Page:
Facebook, Inc.


San Diego – March 27, 2018 – Robbins Geller Rudman & Dowd LLP (“Robbins Geller”) (http://www.rgrdlaw.com/cases/facebookinc/) today announced that a class action has been commenced on behalf of purchasers of Facebook, Inc. (“Facebook”) (NASDAQ:FB) common stock during the period between July 6, 2017 and March 23, 2018 (the “Class Period”).  This action was filed in the Northern District of California and is captioned Bennett v. Facebook, Inc., et al., No. 18-cv-01868.

If you wish to serve as lead plaintiff, you must move the Court no later than 60 days from March 20, 2018.  If you wish to discuss this action or have any questions concerning this notice or your rights or interests, please contact plaintiff’s counsel, Darren Robbins of Robbins Geller at 800/449-4900 or 619/231-1058, or via e-mail at djr@rgrdlaw.com.  If you are a member of this class, you can view a copy of the complaint as filed at http://www.rgrdlaw.com/cases/facebookinc/.  Any member of the putative class may move the Court to serve as lead plaintiff through counsel of their choice, or may choose to do nothing and remain an absent class member.

The complaint charges Facebook and certain of its officers and/or directors with violations of the Securities Exchange Act of 1934.  Facebook is the world’s largest social networking company.  In 2011, the Federal Trade Commission (“FTC”) charged Facebook with numerous violations of the Federal Trade Commission Act for, among other things, sharing users’ data without their consent.  Facebook formally agreed to settle the charges and enter a consent decree with the FTC on August 10, 2012.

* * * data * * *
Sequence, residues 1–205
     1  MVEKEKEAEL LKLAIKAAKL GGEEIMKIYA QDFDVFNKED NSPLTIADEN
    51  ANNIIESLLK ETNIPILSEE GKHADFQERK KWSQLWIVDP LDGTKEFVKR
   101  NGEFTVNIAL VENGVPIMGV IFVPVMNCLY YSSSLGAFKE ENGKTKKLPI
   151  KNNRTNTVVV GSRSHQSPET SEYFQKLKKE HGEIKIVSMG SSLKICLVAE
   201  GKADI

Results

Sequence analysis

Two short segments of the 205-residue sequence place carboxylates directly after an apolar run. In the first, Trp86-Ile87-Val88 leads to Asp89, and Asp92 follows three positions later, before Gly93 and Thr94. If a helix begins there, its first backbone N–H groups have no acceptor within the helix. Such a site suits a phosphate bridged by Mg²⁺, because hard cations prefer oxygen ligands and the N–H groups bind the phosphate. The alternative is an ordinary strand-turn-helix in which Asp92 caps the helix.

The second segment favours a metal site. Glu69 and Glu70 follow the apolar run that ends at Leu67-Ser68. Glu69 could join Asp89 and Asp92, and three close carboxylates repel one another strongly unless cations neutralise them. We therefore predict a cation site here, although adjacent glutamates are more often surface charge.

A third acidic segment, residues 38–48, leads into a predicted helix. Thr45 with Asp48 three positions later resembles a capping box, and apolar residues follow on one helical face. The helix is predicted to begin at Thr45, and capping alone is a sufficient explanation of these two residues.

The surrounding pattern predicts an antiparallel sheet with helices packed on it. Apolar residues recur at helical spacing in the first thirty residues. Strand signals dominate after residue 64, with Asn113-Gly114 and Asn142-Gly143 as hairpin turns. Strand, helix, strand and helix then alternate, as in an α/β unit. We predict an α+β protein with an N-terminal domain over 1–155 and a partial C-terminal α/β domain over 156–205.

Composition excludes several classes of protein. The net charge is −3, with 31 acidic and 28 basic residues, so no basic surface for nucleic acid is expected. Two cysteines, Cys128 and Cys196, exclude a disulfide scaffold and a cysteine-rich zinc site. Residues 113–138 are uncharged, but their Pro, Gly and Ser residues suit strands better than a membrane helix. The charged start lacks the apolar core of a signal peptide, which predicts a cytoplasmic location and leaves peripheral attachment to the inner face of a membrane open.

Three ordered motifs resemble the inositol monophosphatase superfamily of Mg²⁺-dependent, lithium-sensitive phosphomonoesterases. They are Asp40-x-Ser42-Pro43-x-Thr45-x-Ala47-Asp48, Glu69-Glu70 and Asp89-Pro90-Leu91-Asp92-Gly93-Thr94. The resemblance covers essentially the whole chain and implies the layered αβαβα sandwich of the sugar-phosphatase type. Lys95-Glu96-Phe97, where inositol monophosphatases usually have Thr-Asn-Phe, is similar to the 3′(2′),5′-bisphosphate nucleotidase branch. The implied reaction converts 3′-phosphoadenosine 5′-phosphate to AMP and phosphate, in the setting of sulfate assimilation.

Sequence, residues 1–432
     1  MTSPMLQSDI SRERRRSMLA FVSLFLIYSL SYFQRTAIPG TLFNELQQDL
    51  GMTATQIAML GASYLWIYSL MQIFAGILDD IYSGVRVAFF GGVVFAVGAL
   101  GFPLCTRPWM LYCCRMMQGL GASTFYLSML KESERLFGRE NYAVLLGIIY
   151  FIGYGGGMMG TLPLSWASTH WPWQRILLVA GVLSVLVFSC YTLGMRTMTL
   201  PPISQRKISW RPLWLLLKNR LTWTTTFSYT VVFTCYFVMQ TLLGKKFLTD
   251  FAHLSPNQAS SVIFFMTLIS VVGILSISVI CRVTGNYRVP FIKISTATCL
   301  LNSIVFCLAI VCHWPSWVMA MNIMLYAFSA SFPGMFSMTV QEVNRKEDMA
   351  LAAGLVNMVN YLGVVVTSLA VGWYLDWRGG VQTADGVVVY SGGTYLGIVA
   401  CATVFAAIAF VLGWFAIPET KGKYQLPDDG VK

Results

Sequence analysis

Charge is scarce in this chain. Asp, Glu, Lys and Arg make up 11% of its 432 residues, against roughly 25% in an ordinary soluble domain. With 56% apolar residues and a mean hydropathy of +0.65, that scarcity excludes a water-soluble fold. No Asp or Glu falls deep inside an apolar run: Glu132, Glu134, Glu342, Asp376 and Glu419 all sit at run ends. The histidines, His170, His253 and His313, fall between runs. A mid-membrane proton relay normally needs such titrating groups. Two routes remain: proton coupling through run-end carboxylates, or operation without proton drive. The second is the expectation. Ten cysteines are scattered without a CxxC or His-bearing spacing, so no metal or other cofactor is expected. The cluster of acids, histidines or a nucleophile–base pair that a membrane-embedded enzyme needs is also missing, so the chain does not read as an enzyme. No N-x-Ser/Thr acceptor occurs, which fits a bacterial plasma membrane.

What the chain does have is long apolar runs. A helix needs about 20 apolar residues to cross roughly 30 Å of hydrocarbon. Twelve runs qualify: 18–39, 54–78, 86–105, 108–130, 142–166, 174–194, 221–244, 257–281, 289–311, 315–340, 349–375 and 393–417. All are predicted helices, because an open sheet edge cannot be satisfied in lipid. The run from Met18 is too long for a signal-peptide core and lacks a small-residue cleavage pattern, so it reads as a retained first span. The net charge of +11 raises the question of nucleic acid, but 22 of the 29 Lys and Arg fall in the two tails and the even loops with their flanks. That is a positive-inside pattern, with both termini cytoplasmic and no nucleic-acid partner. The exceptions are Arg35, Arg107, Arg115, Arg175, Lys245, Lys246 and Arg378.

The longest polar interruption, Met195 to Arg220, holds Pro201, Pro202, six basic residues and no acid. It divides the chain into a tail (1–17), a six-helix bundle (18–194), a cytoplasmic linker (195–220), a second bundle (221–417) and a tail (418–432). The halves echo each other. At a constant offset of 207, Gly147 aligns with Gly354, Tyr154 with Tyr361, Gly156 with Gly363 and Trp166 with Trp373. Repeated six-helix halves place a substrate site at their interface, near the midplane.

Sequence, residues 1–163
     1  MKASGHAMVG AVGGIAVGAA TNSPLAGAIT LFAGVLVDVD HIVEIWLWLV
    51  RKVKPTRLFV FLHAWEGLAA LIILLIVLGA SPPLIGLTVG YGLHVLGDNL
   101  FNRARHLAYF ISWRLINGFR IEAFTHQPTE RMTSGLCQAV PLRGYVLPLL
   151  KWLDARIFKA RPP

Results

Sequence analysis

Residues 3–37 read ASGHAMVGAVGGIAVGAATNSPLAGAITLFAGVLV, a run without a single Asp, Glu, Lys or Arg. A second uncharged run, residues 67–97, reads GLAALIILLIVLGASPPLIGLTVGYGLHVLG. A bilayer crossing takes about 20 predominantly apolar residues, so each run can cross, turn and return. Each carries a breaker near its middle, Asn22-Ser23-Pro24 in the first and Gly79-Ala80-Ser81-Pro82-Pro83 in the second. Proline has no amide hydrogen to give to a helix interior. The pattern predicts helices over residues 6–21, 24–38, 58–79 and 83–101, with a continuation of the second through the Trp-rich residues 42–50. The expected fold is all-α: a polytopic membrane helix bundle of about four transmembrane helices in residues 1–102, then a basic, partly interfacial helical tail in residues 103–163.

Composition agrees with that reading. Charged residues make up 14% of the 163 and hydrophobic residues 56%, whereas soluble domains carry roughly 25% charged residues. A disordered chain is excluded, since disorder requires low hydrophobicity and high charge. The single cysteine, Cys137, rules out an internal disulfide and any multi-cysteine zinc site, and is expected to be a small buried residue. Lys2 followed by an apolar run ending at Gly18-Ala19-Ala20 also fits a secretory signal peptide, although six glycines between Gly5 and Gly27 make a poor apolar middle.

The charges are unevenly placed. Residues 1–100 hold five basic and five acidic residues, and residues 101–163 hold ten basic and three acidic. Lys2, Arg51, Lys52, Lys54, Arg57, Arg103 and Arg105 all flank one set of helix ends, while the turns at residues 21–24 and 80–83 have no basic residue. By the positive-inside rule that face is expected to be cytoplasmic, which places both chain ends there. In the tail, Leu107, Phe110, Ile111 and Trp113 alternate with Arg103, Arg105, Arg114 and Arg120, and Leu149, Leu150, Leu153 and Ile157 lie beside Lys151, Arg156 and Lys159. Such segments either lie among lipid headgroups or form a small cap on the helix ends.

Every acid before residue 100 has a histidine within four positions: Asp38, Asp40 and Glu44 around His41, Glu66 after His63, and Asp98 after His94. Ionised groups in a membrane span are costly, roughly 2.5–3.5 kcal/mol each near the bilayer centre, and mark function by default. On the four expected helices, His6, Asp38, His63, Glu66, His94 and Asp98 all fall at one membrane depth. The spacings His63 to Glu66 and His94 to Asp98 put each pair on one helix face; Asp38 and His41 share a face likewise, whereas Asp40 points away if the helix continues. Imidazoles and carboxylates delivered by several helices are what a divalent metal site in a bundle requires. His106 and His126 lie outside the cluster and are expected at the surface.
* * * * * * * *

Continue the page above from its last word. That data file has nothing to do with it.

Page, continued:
The complaint alleges that throughout the Class Period, defendants made materially false and misleading statements and/or failed to disclose material information to investors regarding Facebook’s sharing of its users’ data and compliance with its consent decree with the FTC.  Specifically, the complaint alleges that defendants had failed to notify users that their user data had been improperly shared with Cambridge Analytica and entities affiliated with Cambridge Analytica; that Facebook user data had been shared and used for purposes and in ways that violated Facebook’s terms of use; that Facebook user data had not been maintained in accordance with Facebook’s terms of use and that Facebook had not taken steps to adequately ensure that the improperly shared data was destroyed; and that Facebook may have been in violation of its consent decree with the FTC, including by sharing the data of 50 million or more users with Cambridge Analytica and affiliated entities, and by making misrepresentations or omissions concerning the fact that Facebook had shared the data and defendants’ efforts to verify the privacy and security of users’ data.  As a result of defendants’ false statements and/or omissions, the price of Facebook stock was artificially inflated to as high as $193 per share during the Class Period.

On December 11, 2015, The Guardian published an article titled “Ted Cruz using firm that harvested data on millions of unwitting Facebook users.”  The Guardian stated that “surreptitious, commodified Facebook data” was being used in political campaigns and “represented an intensified collision of billionaire financing and digital targeting on the campaign trail.”  In fact, The Guardian had already determined how an academic from Cambridge had combined with a billionaire financier to create what turned out to be a series of overlapping companies, the best known of which is now Cambridge Analytica, that planned to use Facebook data to create psychological profiles for the purpose of designing political campaigns and advertisements.  The article further reported that Facebook was aware of The Guardian’s report and declared that the Company was taking action.